Her Dark Materials: John Milton, Toni Morrison, and Concepts of "Domimon" in A Mercy

By Roynon, Tessa | African American Review, Winter 2011 | Go to article overview

Her Dark Materials: John Milton, Toni Morrison, and Concepts of "Domimon" in A Mercy


Roynon, Tessa, African American Review


Introduction

In Toni Morrison's 2008 novel, A Mercy, the mistress Rebekka Vaark gives the journeying Florens an authenticating letter that twice describes their domicile as "Milton" (110). Appearing two-thirds of the way through the novel, this detail strongly suggests what has been only hinted at until this point: that the writings of John Milton (1608-74) are an important presence herein. My aim in this article is to explore A Mercy's subtle and complex engagement with the work of the seventeenth-century poet, statesman and political activist. I argue that Milton's Paradise Lost (1667) significantly informs Morrison's representation of life in Virginia, Maryland and New England in the 1680s and '90s. The novelist's engagement both with that poem and with its status in that specific time and locale is key to A Mercy's central concerns: the nature of freedom and oppression, of power and powerlessness, and of good and evil.

In his keynote address at the Toni Morrison Society Conference of July 2008, Marc Conner declared that "the context of the seventeenth century, of Descartes and Milton ... opens all sorts of doors into Morrison's worlds, particularly her relation to Modernity" (5). In the same speech he suggested that Adam and Eve's banishment "at the end of Paradise Lost ... has been a meditation for Morrison," pointing out that "her novel Paradise ... is hardly her first investigation into the concept of Paradise and its loss" (4). Several scholars have analyzed the ways that Tar Baby and Jazz as well as Paradise--in their portrayals of flawed and/or lost utopias--engage with the Genesis stories of the Creation, and of Adam and Eve's temptation and fall. (1) Yet (with the exception of Conner's remarks) there has been a regrettable critical silence on the subject of Morrison's dialogue with Milton's version of these events. To some extent, this is not surprising: from one perspective, no two authors writing in the same language could have less in common, and the stern-faced, Puritan-leaning, white Englishman does not immediately come to mind when we think of Jadine and Son, Joe Trace and Dorcas, or even Consolata and Deek. The interactions with Milton in A Mercy, however, are sufficiently charged that it would be an act of wilful scholarly oversight to ignore this intertextual relationship any longer. (2)

It is in A Mercy that Morrison most obviously shares Milton's preoccupation with (if not his perspectives on) the conflicts between order and chaos, reason and sexual desire, and the divine and the human. His fascination with the nature of power and government, with the status of women, with the relationship between Puritanism and Roman Catholicism, with the limits of language and literature, and even with the viability (or otherwise) of binary oppositions, resonates significantly in the contemporary work. Morrison's allusions to Paradise Lost at once unpack Miltonic certainties and exploit Miltonic uncertainties and ambivalences, and in so doing, contribute to the scrutiny of the nascent Enlightenment world-view and of the transition into constructions of "America" that A Mercy enacts. Concepts of "Dominion"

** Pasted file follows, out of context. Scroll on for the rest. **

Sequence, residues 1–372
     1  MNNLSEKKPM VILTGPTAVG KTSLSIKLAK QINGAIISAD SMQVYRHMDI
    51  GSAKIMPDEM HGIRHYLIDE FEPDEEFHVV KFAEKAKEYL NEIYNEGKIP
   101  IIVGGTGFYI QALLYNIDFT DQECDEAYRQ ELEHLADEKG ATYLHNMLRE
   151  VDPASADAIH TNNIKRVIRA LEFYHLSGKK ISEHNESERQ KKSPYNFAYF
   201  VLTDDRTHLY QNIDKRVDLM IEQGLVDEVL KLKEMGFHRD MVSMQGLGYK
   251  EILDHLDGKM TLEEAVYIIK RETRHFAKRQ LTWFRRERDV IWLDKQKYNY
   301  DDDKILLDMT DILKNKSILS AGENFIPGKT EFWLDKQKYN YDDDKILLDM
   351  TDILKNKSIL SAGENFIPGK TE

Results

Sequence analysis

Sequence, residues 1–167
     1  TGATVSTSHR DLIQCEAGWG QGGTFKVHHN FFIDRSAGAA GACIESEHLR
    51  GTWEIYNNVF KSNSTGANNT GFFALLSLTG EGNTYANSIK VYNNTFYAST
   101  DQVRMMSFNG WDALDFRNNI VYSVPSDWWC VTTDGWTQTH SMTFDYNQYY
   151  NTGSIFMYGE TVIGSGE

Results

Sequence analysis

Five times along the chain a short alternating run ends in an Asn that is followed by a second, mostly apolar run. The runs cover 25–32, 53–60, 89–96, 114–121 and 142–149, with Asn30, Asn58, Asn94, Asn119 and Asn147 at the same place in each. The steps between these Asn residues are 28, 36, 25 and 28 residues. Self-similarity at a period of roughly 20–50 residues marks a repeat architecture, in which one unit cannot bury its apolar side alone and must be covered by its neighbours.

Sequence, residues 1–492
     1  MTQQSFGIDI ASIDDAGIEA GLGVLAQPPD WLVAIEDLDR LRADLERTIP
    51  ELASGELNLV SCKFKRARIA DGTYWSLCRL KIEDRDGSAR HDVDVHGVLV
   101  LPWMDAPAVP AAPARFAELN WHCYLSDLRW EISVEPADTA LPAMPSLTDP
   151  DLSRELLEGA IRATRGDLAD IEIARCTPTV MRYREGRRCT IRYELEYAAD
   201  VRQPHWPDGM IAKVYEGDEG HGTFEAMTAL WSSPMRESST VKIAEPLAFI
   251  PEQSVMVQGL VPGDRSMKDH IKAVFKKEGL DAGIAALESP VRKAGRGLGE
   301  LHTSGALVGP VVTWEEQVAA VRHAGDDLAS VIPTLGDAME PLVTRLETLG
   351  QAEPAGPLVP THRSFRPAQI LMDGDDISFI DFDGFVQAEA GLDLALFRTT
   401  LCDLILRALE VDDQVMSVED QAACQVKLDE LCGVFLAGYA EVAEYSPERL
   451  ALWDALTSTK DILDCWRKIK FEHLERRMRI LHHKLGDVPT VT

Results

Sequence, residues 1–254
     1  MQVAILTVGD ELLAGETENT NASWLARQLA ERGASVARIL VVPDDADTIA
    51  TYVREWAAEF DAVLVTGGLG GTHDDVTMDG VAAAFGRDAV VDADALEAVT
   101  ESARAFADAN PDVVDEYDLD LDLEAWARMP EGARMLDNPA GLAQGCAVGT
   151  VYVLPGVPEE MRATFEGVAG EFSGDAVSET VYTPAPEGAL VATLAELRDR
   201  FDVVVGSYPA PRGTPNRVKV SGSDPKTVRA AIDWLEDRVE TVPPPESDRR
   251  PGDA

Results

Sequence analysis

In contrast to the scant critical attention paid to the subject of Milton and Morrison, scholars have written extensively on the subject of Milton and America. This scholarship contextualizes what might be at stake, politically, in Morrison's own engagement with Milton in the interventionist version of American history and identity that is A Mercy. In 1845, in his introduction to the first American edition of Milton's prose works, the editor and critic Rufus Wilmot Griswold claimed that "Milton is more emphatically American than any author who has lived in the United States" (Stevens 789). In recent decades scholars have both reiterated and challenged the conventional wisdom that the poet's republicanism, reforming brand of Protestantism, and stake in individual liberty have an exceptional resonance within dominant American ideologies, and they have explored the various and often conflicting uses to which his work has been put in American religious, political and literary discourses. …